Supporting 350 small trees on a steel structure, the tree-like form was illuminated on 2 June as the first in a chain of 1,500 beacons lit across the UK and Commonwealth countries for last weekend's Platinum Jubilee celebrations.
Standing outside Buckingham Palace, which is the Queen's London residence, the 21-metre-high sculpture was designed to draw attention to the Queen's Green Canopy tree-planting campaign.
Since October, the program has seen over a million trees planted in the UK to mark 70 years of the Queen's reign.
"The job was to create a communication device to emphasise an initiative," explained Heatherwick Studio founder Thomas Heatherwick. "It's deliberately creating a focal moment."
"If we brought a normal tree, no one's going look at it because they normally look at trees. So you have to do something extraordinary," he told Dezeen.
"Otherwise, it wouldn't do the job. So we would be failing as designers if we didn't do something that captures people's engagement, and provokes questions."
The temporary sculpture, which will stand for two weeks, contains 350 trees of different types found across Britain. They are held within aluminium pots supported on reclaimed steel branches, fabricated and assembled by UK-based maker Millimetre.
"We were asked by the Queen's team to make a project that drew attention to her amazing initiative," said Heatherwick.
"We only had a week to design it. It's one of those things where you're moving faster and thinking on your feet, working with an amazing team of engineers, arborists, fabricators and nurseries and all the different things," Heatherwick added.
Heatherwick Studio aimed to design a form that was clearly tree-shaped but was not simply a replication of a tree.
"Our thought was that we would highlight the planting side, but they are planting small trees, so if we placed one of those here, it'd be totally insignificant," he continued.
"If we brought a full-sized tree, it would blend in because we're next to Green Park. So we needed to do something that was unfamiliar and drew the eye. It's like creating a tree without simulating exactly a tree."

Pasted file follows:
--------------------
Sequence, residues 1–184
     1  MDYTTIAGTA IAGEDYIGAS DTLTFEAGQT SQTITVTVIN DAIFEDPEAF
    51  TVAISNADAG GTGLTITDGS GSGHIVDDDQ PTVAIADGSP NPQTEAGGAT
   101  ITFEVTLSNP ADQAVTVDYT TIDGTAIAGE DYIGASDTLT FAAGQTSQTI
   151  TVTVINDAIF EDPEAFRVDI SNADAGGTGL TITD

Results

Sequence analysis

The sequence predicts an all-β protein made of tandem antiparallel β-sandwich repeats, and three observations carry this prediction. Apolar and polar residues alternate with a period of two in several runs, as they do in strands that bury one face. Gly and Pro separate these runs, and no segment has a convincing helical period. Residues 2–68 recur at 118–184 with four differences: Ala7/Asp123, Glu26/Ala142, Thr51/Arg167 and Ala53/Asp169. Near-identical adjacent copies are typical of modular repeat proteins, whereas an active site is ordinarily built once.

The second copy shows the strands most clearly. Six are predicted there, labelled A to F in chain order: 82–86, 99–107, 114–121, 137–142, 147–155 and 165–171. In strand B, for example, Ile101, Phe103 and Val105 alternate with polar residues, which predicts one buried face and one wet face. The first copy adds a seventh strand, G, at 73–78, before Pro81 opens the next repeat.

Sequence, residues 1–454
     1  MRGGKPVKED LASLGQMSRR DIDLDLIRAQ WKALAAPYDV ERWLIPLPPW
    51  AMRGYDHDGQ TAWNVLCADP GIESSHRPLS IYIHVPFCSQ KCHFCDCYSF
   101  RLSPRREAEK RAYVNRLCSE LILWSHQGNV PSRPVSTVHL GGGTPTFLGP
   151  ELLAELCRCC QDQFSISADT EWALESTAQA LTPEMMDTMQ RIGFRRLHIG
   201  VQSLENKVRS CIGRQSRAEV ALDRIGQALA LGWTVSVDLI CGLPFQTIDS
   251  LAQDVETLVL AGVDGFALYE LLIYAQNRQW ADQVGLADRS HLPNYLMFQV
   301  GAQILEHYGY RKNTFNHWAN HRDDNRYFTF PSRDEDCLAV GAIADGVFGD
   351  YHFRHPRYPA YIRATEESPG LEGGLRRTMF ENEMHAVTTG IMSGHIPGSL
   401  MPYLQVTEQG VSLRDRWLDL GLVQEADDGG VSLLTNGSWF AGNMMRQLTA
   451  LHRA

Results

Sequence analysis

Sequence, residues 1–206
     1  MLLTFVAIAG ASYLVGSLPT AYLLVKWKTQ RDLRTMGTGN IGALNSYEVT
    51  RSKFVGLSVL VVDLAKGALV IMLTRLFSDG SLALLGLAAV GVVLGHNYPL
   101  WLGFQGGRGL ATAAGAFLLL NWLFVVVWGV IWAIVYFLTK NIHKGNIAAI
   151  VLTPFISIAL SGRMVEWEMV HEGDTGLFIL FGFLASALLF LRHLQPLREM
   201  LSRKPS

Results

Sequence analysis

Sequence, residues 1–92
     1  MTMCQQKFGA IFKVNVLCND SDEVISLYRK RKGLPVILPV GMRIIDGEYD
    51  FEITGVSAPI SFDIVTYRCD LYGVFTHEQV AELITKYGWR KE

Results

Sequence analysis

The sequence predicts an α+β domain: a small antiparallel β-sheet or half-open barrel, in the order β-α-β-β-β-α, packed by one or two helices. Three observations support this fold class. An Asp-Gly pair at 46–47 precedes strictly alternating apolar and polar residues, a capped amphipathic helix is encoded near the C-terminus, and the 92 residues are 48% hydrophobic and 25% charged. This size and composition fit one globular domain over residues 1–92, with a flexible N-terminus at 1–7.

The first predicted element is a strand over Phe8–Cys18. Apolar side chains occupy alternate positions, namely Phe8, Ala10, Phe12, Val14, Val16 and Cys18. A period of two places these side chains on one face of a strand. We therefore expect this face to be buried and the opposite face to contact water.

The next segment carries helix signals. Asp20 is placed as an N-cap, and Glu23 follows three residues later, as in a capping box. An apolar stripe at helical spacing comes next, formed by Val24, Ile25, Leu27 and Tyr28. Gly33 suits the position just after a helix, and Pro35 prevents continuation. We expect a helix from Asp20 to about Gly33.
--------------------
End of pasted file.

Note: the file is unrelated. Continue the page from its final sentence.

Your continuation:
The sculpture was criticised in the UK, with some comparing it to mobile telecommunication masts that are sometimes disguised as trees and Guardian critic Oliver Wainwright likening it to the controversial Marble Arch Mound.
"[It is] another example of the recent fetish among certain architects and designers for conjuring a cartoonish version of nature, suspending shrubbery and balancing trees in ways that make the plants look decidedly unhappy to be there," wrote Wainwright.
Others, including Dezeen commenters, asked if planting a tree would be a better way to promote a tree-planting campaign.
"In a sense, that's a good question," said Heatherwick when asked about this. "Because, in a sense, planting trees is a banal thing – yet trees are simultaneously the superheroes of our towns and cities."
"We've learned more than ever, that biodiversity isn't just a nice thing, it's essential for our mental health," he continued.
"We know the benefits of nature within cities – reductions in crime and antisocial behaviour, the reduction in time for people to get to heal are significantly improved by proximity to trees and nature. So how do you draw attention to something we all already know already? You give it a twist?"
The structure is set to be dismantled within the next two weeks with the trees relocated to a nursery in Cambridgeshire before being sent to community groups across the country for planting in October.
Founded by Heatherwick, Heatherwick Studio is a London-based architecture and design studio that has previously integrated trees and plants into buildings including the recently completed 1,000 Trees project in Shanghai and a skyscraper in Singapore.
The photography is by Jonathan Banks unless stated.